One character has recently lost their virginity (or a pair of characters has recently lost their virginity together). This fact is immediately obvious to yet another character (usually, but certainly not always, an older woman), despite there being absolutely no outward sign or obvious reason to think that. The characters aren't acting cute together, there's no tell-tale messy hair or mussed clothing, nor even the subtle aroma of "just had sex".
The other character merely looks upon the new non-virgin, as if using Virgin Vision as a superpower, and they know. (Women's Mysteries, perhaps.)
Compare to Did You Just Have Sex? (where other people know because the characters are giving away clues) and Virginity Flag (where there is some obvious means of telling who is and is not a virgin).
As an inversion, in the French comicLe Chant d'Excalibur, everybody can apparently detect that the heroine is still a pucelle, and will mention it at the first occasion.
In Say Anything, Lloyd Dobbler's friends can tell that he and Diane Court "did the deed", despite Lloyd's "I admit nothing" disclaimers.
Inverted in The 40-Year-Old Virgin, where the 16 year old daughter of the main character's romantic interest can tell he's lying about having had sex and is still a virgin. When he asks how she can tell, all she says is that she goes to school with tons of boys and can somehow "just tell" who's had sex and who hasn't.
In the Morganville Vampires, Claire fears this trope. Sure enough, Eve barely looks up and realizes what happened.
The first chapter of Alina Adams figure skating mystery Death Drop starts with the researcher heroine listening to commentator insisting "You can always tell a virgin by the way she skates." She thinks the non-virgins skate better. She turns out to be right in her assessment of the skater they were watching.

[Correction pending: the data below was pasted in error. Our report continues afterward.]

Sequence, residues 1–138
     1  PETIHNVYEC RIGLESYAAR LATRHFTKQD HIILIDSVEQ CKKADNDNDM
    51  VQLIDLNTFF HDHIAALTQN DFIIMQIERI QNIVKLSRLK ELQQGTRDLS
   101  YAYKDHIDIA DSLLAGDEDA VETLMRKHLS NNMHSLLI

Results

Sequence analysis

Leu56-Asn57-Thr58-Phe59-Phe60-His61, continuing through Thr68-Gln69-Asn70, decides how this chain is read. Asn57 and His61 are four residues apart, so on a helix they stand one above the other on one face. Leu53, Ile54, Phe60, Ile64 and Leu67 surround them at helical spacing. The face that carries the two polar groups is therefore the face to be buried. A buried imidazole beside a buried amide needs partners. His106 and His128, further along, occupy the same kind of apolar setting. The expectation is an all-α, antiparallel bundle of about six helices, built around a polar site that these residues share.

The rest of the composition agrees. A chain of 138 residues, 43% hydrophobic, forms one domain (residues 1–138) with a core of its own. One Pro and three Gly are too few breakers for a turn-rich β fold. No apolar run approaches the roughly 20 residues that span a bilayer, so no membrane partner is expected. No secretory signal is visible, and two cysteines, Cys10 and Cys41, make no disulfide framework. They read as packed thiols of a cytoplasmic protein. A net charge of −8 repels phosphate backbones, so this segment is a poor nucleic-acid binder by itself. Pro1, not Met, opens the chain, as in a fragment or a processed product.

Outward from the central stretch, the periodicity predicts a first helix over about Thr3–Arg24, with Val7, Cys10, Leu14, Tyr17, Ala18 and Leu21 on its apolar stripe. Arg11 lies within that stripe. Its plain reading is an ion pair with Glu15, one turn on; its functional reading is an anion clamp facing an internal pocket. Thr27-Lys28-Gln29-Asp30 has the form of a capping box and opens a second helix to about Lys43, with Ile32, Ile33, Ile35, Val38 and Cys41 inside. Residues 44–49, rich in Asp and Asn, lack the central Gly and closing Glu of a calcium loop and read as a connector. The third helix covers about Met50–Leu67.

In Blue Smoke by Nora Roberts, Reena's mother is able to detect instantly that her daughter has lost her virginity when Reena arrives home after doing the deed. The scene is retained in the made-for-TV movie based on the book.
Not a virgin example in The Lost Fleet: Dauntless, but the first time Captain John Geary has sex after his 100-year stint as a Human Popsicle, the titular ship's captain, a young woman, immediately knows it, even though he's doing his best to act normally. When asking his sexual partner, she replies that this is a "need-to-know" kind of information. He interprets it as Women's Mysteries. To be fair, though, he does admit to himself that this is the first time he felt himself without "ice" inside him, so it's likely he was giving off subtle signals.
After Donna and Eric finally have sex in the third season of That 70s Show, neither one admits anything to the other characters (despite Eric really wanting to do so). When Donna goes to talk to Jackie, Jackie see her as having the words "I Had Sex" written on her forehead, and Jackie immediately rushes her away so they can talk about it. When Eric goes to talk to Bob, Bob sees Eric as having the word "Guilty" on his forehead, inidcating that Bob is suspicious, but Bob makes no sign of knowing what happened until he officially finds out a few episodes later.